Computer program tournament

Organization: Departement of Computer Science, IKAT
Place: University Maastricht (NL)
Date: August 18 - 23, 2001
Format: 8 Rounds
Participants: 2

"GF1" stronger than "Gipfted"

During the 6th Computer Program Olympiad in Maastricht (NL), Kurt Vandenbranden's GF1 played 8 games against Diederik Wentink's Gipfted. The competition was spread over 2 days - 4 games per day, 30 minutes per computer/game. GF1 appeared to be the strongest and won with 6 wins against 2.
A convincing victory for GF1, but Kurt says that the score does not give a right picture of the competition. If Gipfted succeeded in winning 2 games, it could have won more games. All the games were very tight; most were played in about 50 moves.

The visitors of this site are familiar with GF1, because many use it as a sparring partner. Most of the regular Gipfers succeed in beating level 3, a significantly smaller number can beat level 4, and only the very best succeed in beating level 5 once in while. Now, here's something to think about: most of GF1's moves were made on level 5 and level 6, but quite regularly it dug as deep as level 7, and it even made it a few times to level 8! With only 30 minutes playing time! Since GF1 lost 2 games against Gipfted, this means that not only GF1 but Gipfted, too, is most likely stronger than the best GIPF-players. This asks for a tournament in which computer programs are allowed to play.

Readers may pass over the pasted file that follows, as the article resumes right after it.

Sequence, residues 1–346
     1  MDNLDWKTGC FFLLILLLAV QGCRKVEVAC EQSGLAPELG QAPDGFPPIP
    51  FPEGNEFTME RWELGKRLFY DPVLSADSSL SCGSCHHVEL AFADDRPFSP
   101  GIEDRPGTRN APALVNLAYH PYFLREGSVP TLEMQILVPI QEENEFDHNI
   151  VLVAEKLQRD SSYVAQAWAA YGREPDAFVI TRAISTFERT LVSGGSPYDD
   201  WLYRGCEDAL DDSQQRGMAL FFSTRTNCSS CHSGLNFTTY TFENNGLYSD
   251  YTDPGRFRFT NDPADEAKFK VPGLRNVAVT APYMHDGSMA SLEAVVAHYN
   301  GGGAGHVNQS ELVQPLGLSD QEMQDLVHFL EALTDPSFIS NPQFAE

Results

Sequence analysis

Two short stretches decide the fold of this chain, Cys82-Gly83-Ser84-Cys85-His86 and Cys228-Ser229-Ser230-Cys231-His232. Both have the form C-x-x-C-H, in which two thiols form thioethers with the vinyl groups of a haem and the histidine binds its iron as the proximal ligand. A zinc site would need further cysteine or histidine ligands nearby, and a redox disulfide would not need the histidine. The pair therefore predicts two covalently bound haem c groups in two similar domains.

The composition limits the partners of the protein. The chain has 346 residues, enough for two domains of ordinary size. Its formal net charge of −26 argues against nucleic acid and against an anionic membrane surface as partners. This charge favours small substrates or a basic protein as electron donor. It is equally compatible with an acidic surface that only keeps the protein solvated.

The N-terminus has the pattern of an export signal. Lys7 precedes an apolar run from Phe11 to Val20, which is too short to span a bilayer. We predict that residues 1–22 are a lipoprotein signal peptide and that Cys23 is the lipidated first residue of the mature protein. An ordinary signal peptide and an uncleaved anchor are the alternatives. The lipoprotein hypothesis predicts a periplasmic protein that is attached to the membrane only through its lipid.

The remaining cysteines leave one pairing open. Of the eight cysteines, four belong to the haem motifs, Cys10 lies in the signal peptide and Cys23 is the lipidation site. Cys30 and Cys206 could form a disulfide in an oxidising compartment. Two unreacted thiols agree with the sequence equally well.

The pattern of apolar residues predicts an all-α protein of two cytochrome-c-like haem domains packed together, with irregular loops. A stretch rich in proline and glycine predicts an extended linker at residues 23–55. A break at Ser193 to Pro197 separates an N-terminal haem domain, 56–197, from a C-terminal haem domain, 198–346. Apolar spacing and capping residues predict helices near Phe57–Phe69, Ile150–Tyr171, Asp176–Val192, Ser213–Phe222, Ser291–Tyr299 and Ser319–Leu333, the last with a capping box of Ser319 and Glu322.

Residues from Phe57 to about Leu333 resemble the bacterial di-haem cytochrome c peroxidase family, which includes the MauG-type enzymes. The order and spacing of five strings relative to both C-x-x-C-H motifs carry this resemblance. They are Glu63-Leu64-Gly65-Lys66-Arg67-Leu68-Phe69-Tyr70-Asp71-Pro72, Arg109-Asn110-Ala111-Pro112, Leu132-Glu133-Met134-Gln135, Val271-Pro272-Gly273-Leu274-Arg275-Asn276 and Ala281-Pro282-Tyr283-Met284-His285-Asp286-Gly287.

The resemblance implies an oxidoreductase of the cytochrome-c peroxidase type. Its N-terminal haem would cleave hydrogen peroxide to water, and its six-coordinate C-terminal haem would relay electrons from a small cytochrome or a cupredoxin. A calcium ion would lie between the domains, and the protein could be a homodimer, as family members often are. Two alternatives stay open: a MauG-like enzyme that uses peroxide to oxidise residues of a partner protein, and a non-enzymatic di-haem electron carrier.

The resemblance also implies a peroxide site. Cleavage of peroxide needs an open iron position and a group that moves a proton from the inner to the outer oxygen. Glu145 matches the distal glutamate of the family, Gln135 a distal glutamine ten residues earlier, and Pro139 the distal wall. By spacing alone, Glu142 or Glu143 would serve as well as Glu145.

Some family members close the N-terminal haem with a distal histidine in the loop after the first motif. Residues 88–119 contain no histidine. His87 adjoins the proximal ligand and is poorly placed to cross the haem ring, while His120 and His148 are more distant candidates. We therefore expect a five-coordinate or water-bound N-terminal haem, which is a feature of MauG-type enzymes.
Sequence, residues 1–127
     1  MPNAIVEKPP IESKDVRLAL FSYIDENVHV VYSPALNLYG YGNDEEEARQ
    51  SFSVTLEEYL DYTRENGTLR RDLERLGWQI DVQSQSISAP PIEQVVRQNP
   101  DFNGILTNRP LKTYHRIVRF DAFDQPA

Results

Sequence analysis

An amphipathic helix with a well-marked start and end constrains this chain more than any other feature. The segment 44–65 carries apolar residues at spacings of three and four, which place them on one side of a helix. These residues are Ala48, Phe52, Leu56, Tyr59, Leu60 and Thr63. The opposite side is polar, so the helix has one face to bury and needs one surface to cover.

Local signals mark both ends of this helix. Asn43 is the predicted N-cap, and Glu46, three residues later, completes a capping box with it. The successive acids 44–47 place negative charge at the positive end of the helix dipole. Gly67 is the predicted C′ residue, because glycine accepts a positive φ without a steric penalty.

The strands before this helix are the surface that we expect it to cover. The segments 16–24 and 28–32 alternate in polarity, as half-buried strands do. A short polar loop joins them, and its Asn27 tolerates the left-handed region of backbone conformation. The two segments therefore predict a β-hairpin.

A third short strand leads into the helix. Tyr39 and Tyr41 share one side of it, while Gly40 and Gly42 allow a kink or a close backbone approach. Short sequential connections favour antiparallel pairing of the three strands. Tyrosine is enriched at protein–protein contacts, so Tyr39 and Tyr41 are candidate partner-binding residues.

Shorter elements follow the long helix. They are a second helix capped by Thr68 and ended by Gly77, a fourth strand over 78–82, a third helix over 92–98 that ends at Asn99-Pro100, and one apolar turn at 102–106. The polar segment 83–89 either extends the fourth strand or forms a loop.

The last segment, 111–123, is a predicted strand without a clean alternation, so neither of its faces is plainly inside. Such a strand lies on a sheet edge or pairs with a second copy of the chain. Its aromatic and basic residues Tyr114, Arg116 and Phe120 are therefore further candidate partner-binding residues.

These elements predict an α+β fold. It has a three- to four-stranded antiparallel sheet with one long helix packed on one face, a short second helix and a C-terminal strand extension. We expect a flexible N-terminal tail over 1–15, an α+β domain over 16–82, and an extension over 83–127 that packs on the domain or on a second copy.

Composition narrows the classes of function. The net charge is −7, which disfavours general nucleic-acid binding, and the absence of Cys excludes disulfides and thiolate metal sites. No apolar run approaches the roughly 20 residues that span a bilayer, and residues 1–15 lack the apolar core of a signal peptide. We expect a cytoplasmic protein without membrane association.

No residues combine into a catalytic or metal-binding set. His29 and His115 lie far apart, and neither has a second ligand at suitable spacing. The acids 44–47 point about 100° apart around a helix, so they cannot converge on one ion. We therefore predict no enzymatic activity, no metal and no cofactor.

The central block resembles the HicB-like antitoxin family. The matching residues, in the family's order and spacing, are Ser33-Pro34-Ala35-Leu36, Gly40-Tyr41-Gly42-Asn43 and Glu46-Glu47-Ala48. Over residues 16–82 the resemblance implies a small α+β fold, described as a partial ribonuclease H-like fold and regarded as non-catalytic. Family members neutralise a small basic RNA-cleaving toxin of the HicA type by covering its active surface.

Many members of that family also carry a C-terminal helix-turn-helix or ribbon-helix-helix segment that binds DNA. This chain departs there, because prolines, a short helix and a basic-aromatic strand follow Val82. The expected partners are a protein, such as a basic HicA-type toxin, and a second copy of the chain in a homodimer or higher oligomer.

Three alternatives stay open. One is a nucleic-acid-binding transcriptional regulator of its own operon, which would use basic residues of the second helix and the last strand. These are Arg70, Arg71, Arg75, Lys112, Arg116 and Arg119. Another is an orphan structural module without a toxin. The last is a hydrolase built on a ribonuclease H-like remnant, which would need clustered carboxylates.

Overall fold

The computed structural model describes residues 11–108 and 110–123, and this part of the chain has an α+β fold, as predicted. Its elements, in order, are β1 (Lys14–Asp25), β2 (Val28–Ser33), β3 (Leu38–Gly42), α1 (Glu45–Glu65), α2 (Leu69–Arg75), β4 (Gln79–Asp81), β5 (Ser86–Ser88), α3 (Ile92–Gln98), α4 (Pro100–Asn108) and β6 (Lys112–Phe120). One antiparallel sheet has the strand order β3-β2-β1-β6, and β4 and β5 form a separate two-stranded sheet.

After having looked at the logs, a few preliminary, nonetheless interesting conclusions can be made. Now that may be assumed that the programs have played on a level that humans cannot reach - at least not yet - the logs may tell something about what the future will bring. And a question to be asked is: Is White the better color? 5 out of the 8 games were won by White. This confirms the tendency that could also be noticed during the GIPF World Championship in London, where 22 out of 41 games were won with White. GF1 lost once with White and once with Black, though, so probably it is still too soon to say something sensible about it. More significant is that neither GF1 nor Gipfted lost a game after having taken an lead of 2 pieces. GF1 lost his 2 games after having been ahead 1 piece, and Gipfted did so just once. But it must also be said that both programs played 7 games with only 3 GIPF-pieces (Gipfted played once with 4 and GF1 - strange! - played one game with only 2!). 3 GIPF-pieces is a "neutral" number; it indicates careful play. The unpredictable things happen when playing with more than 3 and those who play against GF1 on level 5 know that the odds to beat GF1 increase significantly when playing with a lot of GIPF-pieces. So, Gipfers, there's still hope…

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